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Indian Classical Dance / Klassischer Indischer Tanz / Danse classique de l'Inde > Chhau


Purulia Chhau

Mayurbhanj Chhau
The etymological root of the word 'Chhau' is traced to the Sanskrit 'Chhaya' or shade, referring to the mask used by the dancers. Others aver, it is derived from the word 'Chhauni' where the pharikhanda (shield & sword) soldiers stayed.

The technique of the dance, in fact, draws on steps and gait which have stemmed from the 'Pharikhanda System'. It is basically a martial dance where the mask holds the dominant Rasa while the body creates, projects, and develops the moods.

Chhau has three schools as such, coming from Seraikella in Bihar, Mayurbhanj in Orissa and Purulia in West Bengal. While all the three Chhau forms are danced by men, Mayurbhanj uses no masks but the others do.

The themes are based on mythology, everyday life, aspects of nature or just a mood or emotion. Purulia Chhau, however, has a single focus - good triumphs over evil. The music is based on Hindusthani Ragas and the accompaniment is with a Nagra, a huge kettle drum, Dhol, a cylindrical drum, and Shehnais or reed pipes.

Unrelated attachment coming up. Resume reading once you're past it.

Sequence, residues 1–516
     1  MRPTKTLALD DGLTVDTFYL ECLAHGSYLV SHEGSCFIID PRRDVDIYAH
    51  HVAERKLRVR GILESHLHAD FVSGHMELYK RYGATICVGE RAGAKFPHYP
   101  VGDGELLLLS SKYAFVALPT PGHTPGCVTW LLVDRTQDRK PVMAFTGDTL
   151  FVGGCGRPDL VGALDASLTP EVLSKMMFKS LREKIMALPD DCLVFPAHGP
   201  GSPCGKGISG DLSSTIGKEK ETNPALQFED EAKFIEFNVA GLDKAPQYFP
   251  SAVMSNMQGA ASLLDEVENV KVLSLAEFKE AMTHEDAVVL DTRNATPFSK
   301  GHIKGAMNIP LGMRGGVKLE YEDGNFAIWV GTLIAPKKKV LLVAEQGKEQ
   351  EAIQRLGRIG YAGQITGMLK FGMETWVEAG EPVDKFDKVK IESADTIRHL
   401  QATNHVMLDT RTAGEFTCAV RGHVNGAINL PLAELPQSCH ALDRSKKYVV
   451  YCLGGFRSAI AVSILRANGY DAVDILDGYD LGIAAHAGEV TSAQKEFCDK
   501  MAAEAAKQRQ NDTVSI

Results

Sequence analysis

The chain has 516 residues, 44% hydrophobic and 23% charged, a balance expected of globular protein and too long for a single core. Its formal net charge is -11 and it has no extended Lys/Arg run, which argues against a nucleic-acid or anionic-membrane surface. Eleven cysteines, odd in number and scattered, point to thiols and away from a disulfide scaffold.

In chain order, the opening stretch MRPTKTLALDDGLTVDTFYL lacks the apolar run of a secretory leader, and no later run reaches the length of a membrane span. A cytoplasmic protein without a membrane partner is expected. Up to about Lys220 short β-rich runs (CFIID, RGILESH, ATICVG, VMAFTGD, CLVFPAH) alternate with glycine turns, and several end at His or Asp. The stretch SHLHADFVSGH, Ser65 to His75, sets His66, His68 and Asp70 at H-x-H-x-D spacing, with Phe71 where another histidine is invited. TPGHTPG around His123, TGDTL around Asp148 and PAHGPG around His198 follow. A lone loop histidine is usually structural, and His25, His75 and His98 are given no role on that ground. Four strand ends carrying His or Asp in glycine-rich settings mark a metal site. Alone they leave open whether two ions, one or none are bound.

The strenuous nature of the dance restricts performances to brief periods, but in Purulia Chhau a single item could be for forty minutes and a performance, night-long.

Source: Indian Classical Dance & Music, Department of Tourism, Government of India, 1996
Published on motionsound.com by kind permission of the Department of Tourism, Government of India